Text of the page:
A New Era is cause for a new way to manage investments.

There are two prevalent models or management approaches that dominate the investment marketplace. Not surprisingly, both parties think they have it right and both, ironically, have it wrong.

The two models are what I call, “Buy and Hold” and “Market Timing”

The “Buy and Hold” model is espoused by investors who claim that historically, the markets will take care of investors if they are disciplined and “stay the course” with their investments. Ingrained in this model is a message of, “sit back, relax and hold your breath when your statements look bad.”

One only needs to look at October of 2008 to recall how deeply flawed this perspective can be. Often termed, “set it and forget it” by cynics, the “Buy and Hold” model fails to take into consideration the unprecedented market swings in the last five years of Bear market activity. The “Buy and Hold” model communicates to investors that you have to slog through the losses and it will all come out in the wash. Our opinion is that this is lazy and that advisors should avoid loss not justify it.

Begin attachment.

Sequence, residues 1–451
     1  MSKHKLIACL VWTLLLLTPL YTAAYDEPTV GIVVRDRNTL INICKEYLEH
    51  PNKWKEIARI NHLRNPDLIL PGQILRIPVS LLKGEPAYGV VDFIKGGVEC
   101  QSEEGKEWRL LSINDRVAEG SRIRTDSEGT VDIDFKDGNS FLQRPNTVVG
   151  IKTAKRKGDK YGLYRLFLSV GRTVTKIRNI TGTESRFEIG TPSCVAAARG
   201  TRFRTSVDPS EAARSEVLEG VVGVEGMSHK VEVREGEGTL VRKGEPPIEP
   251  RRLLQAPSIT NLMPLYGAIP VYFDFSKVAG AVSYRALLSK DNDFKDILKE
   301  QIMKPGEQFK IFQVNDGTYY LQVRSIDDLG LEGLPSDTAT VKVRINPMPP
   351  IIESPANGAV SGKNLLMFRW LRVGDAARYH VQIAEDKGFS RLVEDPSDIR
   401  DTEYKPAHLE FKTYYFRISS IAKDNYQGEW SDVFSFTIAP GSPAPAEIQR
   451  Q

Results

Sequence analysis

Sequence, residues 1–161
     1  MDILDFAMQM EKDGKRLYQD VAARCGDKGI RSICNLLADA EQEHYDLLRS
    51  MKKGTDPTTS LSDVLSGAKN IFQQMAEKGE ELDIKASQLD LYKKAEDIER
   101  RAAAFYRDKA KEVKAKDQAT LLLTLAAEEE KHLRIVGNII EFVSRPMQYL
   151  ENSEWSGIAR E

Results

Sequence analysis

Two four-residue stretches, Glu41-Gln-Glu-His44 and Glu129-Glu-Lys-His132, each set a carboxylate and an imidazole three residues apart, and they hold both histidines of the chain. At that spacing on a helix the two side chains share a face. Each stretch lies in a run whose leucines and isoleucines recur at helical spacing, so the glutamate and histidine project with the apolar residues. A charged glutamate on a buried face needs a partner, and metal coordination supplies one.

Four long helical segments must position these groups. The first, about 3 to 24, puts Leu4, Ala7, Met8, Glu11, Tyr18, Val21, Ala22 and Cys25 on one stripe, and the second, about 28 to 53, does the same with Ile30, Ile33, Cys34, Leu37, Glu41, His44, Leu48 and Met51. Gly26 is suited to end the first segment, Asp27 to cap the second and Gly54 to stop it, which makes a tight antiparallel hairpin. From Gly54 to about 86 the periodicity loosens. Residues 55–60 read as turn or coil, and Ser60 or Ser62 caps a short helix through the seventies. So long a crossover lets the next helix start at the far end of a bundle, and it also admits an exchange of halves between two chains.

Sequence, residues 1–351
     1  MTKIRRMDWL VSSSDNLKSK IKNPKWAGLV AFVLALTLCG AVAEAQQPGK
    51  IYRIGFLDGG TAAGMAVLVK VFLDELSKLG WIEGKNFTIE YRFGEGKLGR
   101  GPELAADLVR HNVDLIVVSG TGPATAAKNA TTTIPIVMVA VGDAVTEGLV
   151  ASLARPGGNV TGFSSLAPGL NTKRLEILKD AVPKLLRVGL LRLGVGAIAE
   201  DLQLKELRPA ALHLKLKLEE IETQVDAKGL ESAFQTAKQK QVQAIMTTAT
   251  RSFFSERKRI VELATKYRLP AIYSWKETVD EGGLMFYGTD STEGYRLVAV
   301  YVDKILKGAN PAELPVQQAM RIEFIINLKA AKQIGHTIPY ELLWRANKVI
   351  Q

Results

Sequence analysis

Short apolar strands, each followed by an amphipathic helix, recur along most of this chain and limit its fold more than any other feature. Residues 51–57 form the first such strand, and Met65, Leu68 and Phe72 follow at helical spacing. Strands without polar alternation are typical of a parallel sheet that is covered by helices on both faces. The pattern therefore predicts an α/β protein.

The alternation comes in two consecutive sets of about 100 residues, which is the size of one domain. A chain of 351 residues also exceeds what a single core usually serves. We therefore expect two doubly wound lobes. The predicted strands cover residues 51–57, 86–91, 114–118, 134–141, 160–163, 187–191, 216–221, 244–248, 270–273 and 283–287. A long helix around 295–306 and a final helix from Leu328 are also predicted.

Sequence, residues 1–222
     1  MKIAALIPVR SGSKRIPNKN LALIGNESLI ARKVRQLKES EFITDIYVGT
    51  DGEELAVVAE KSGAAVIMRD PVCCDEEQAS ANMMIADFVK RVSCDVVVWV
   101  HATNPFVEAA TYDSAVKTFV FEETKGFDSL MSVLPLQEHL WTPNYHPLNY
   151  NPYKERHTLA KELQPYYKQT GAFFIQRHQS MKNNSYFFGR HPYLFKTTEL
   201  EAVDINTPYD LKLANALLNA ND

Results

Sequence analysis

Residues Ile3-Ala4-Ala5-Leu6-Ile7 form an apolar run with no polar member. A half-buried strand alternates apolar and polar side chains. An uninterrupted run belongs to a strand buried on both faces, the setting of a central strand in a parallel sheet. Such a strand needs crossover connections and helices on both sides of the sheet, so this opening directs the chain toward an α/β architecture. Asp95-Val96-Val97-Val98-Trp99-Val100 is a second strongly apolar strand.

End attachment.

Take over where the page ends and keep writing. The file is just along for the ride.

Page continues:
The “Market Timing” model runs the opposite direction. If the “Buy and Hold” advisor doesn’t look at enough variables and data to drive their choices, the “Market Timing” advisor looks at too many and often the wrong ones.

Convoluted macro-economic theories trying to anticipate the markets are dangerous for investors and closer to guesswork than real investment theory. It’s really based on the emotions of the advisor using theory to justify their actions. The criticism of market timing from the “Buy and Hold” camp is that they are stock jockeys churning accounts to generate fees with little or no financially legitimate rationale. And there is truth in it. Much is said about the abuses of the “Market Timing” advisors routine moving portfolios to this or to that to generate fees at every transaction. Most advisors who watch the markets and try to “out-think” them are well intentioned but poorly equipped.

Fortunately, there is a new model. There is a third model that Liberated Investors leverage to great effect. This model is new but in many ways, it’s as old as the Dow and really took root in the mid 50’s.

The Liberated Investor model borrows the discipline of “Buy and Hold” but not the passivity. It borrows the responsiveness of the “Market Timer”, but instead of emotion driving the choices, our model looks at facts and logic. So in essencewe take the best of both models and combine them into a fact-based, disciplined approach that we call The Liberated Investor Model. The Liberated Investor Model is really just common sense without all the fluff.

Don’t die a death of investing by using either the broken Buy and Hold or Market Timing approaches—Find an advisor that subscribes to the Liberated Investor Model and relax and grow wealth.